The City of El Paso Department of Public Health (DPH) has confirmed its fourth case of the severe West Nile virus disease in the community.
A man is his late 60s with underlying medical conditions, who was also COVID-19 positive, was confirmed to have contracted the Central Nervous System West Nile Virus (WNV) disease and is recovering at home.
“It is extremely important for individuals to take proper precautions against mosquitoes, especially those who are most vulnerable,” said City-County Health Authority Dr. Hector Ocaranza. “Certain viruses that are transmitted by infected mosquitoes, such as the West Nile virus, can be extremely dangerous on individuals with pre-existing medical conditions as it can cause serious medical complications and in some cases death.”
Symptoms of West Nile infection include fever, headache, tiredness, body aches, nausea, vomiting and swollen lymph glands. Eight out of 10 people infected with the WNV will not develop symptoms. However, 1 in 5 people who are infected develop West Nile fever, an illness that includes a fever and other symptoms such as body aches, joint pain, headache or a rash. About 1 out of 150 infected people develop severe illness affecting the central nervous system and about 1 out of 10 cases of severe illness are fatal.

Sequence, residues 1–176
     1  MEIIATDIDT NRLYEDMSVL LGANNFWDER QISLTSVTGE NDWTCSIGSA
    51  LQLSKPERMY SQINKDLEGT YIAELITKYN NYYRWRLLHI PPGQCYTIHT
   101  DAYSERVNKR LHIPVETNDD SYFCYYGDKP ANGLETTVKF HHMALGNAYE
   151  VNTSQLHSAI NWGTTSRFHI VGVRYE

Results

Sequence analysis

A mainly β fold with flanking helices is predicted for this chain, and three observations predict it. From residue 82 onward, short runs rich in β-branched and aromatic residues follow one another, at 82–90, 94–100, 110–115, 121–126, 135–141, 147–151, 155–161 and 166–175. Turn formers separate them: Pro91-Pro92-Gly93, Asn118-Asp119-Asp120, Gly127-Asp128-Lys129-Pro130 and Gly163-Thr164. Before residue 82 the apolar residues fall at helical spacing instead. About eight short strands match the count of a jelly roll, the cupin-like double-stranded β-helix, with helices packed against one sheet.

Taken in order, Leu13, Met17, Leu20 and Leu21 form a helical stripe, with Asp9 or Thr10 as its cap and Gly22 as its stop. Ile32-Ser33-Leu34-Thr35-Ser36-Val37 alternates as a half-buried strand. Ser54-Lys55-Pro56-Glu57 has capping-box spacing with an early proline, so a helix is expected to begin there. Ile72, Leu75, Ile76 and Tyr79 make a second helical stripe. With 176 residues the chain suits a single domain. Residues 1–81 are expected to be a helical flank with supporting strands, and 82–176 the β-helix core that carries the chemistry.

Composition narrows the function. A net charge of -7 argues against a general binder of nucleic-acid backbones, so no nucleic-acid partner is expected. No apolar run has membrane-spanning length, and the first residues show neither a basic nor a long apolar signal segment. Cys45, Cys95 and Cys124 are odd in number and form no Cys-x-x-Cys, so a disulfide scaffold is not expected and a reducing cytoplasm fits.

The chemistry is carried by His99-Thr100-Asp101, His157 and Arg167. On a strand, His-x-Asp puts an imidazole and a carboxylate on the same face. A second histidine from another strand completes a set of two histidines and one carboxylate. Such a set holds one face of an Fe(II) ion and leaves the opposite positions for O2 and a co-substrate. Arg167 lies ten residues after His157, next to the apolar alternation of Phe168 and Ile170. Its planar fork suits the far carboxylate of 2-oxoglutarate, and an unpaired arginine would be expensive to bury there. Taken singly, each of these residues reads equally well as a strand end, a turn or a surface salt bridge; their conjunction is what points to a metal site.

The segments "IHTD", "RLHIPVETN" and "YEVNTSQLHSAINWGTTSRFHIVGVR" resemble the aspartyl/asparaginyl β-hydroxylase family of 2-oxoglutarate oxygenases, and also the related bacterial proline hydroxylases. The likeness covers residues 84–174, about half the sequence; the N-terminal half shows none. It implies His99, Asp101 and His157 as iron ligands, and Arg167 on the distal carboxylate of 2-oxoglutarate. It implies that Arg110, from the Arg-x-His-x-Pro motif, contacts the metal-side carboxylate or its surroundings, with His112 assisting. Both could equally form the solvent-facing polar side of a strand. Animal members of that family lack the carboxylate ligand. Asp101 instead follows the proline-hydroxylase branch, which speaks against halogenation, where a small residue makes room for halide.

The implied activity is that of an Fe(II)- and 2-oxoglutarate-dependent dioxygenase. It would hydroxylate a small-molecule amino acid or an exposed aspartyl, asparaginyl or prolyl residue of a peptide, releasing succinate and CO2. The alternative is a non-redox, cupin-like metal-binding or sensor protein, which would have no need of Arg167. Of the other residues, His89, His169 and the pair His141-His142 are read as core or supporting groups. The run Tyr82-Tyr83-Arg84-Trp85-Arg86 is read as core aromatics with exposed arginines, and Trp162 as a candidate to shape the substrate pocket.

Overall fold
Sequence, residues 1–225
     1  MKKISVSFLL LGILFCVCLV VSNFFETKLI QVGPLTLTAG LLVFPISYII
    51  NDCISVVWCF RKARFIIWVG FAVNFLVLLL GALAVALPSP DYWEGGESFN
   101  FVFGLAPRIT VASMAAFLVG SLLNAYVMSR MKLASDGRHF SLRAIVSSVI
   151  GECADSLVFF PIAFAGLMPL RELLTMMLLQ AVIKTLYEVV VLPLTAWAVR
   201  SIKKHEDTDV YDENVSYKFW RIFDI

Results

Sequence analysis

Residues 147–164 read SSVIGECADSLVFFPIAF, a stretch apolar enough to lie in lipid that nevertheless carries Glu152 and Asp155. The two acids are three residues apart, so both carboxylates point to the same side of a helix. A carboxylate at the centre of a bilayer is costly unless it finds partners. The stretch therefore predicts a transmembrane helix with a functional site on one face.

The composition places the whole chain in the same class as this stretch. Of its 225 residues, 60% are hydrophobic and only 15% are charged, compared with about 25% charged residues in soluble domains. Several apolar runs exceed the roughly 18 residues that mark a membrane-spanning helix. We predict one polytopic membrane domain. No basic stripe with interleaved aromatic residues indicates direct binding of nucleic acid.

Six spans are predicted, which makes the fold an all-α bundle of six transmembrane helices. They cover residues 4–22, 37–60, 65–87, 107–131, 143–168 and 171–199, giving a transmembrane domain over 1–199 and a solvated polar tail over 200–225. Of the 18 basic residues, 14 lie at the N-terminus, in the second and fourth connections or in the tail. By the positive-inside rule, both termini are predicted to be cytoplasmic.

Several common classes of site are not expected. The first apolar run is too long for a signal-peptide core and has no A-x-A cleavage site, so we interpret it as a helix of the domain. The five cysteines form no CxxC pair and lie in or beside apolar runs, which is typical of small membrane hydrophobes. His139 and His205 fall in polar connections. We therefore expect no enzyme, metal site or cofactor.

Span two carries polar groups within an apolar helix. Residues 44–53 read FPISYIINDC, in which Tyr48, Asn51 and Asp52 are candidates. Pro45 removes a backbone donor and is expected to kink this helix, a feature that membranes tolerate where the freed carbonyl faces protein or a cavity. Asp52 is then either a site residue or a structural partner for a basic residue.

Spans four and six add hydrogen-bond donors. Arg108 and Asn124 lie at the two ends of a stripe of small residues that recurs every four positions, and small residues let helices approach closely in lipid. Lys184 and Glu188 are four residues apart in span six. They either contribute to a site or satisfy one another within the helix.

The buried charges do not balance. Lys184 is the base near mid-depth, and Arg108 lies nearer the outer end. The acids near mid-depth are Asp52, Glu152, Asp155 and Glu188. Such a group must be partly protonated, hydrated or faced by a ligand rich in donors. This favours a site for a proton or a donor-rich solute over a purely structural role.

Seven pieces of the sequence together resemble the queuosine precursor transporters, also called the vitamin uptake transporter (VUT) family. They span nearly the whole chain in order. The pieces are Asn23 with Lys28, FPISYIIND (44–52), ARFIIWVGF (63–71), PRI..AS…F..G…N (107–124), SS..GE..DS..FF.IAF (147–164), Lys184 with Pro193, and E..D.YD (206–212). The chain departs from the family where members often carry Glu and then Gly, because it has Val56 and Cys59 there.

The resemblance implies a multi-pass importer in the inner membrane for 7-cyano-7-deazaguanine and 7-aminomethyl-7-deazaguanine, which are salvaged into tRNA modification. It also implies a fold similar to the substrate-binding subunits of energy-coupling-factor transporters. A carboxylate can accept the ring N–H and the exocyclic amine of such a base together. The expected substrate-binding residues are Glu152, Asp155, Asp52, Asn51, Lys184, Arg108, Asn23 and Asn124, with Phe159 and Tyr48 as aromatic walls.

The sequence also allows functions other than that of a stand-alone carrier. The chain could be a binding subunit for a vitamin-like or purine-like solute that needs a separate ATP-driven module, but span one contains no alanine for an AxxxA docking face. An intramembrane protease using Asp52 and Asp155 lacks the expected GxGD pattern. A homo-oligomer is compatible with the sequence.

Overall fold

People over the age of 60 are at the highest risk of serious illness. Individuals with certain medical conditions, such as cancer, diabetes, hypertension, kidney disease, and people who have received organ transplants are also at high risk.
The best way to avoid exposure to mosquito-borne diseases is to practice the “four Ds”:
- DEET – Use insect repellents containing DEET, picaridin, oil of lemon eucalyptus, IR3535, or 2-undecanone when you go outdoors.
- DRESS – When weather permits, wear long sleeves, long pants, and socks when outdoors. Mosquitoes may bite through thin clothing so it’s recommended to spray your clothes with repellent.
- DUSK and DAWN – Although mosquitoes associated with West Nile can be active throughout the day, residents should take extra care during peak mosquito biting hours (from dusk to dawn) or consider avoiding outdoor activities during these times.
- DRAIN – Help reduce the number of mosquitoes around and outside your home by emptying standing water from flowerpots, gutters, buckets, pool covers, pet water dishes, discarded tires, and birdbaths on a regular basis. Don’t forget to change your pet’s water bowl daily.
You can also mosquito-proof your home by installing or repairing screens on windows and doors to keep mosquitoes out. Residents can report standing water and mosquito breeding by calling (915) 212-6000. For more information and tips visit EPHealth.com under the Emergency Preparedness Be Climate Ready tab.
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